I just read one of the three journal articles that Dr. Weekes gave me to read before I work in his lab this semester. It looked at the progression of false memories using the DRM paradigm for semantic relations as well as phonological relations (For those who don't know, the DRM gives a list of words that are all related to a target word, but the target isn't in the list. However, very often subjects recall the target word as part of the list). They found a dissociation between the two, in that as children got older, semantic errors became more prevalent and phonological errors less. So as children develop, they stop focusing on the surface structure of the words and tune in to the meaning.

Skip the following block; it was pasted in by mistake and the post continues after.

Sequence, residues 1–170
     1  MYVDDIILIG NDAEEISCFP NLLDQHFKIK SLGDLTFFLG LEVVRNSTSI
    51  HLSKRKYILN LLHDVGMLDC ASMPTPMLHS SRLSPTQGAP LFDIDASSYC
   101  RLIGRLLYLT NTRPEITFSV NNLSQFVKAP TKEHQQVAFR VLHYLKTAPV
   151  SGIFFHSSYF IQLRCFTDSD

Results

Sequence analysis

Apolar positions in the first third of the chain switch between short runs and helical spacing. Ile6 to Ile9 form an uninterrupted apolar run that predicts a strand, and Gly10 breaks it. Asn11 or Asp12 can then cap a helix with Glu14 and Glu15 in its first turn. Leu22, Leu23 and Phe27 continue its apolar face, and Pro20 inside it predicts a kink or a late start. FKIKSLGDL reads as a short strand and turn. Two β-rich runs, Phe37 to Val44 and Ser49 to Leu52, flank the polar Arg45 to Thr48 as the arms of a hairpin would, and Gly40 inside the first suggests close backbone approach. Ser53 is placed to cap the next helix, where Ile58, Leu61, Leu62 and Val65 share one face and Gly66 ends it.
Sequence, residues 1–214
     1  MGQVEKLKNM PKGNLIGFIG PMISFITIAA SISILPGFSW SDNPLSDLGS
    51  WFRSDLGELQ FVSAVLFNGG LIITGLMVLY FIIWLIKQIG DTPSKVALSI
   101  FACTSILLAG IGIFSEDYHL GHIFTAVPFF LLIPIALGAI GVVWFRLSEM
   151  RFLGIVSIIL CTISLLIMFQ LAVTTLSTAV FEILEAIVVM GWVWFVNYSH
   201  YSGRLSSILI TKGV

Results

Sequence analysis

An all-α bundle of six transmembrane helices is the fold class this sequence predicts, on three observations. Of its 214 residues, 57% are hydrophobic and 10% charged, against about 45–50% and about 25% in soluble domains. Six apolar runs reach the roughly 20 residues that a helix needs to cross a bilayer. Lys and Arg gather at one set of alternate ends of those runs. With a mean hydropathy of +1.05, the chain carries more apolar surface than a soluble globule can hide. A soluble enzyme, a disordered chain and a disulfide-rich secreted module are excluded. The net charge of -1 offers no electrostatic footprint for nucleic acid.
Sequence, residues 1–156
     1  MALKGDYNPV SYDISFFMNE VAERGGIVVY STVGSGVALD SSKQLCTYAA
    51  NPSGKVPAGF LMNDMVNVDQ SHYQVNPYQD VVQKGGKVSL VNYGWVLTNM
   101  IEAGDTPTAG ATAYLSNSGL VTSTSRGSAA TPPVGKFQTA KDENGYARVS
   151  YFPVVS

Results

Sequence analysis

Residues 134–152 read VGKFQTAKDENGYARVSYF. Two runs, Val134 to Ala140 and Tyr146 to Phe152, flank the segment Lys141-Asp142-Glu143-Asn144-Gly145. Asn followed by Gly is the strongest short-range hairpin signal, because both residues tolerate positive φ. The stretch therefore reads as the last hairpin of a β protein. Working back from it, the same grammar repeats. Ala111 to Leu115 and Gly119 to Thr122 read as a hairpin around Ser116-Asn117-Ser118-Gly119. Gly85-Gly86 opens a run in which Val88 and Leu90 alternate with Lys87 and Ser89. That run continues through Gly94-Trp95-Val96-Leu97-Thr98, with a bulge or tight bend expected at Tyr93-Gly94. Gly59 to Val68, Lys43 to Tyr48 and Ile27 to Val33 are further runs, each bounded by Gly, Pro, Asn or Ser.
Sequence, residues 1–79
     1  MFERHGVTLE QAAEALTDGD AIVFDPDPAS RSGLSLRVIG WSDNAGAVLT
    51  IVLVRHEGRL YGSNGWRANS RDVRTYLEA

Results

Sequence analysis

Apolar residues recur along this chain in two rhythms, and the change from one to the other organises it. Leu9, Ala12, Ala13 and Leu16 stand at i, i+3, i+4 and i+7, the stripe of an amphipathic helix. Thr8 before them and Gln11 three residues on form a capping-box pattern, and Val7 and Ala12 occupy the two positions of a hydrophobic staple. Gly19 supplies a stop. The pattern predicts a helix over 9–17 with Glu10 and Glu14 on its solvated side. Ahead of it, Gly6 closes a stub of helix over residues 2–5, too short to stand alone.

But the part that really fascinated me is what they interpreted this to mean. They claim that it shows the child's ability to learn and remember the "gist" of the list and refute the founding work of Rodeiger and McDermott (the R and M in DRM) who attributed it to semantic priming. I think I'll read it over again when I have time, but that struck me as a really powerful assessment of the results. I think I'm going to like this a lot!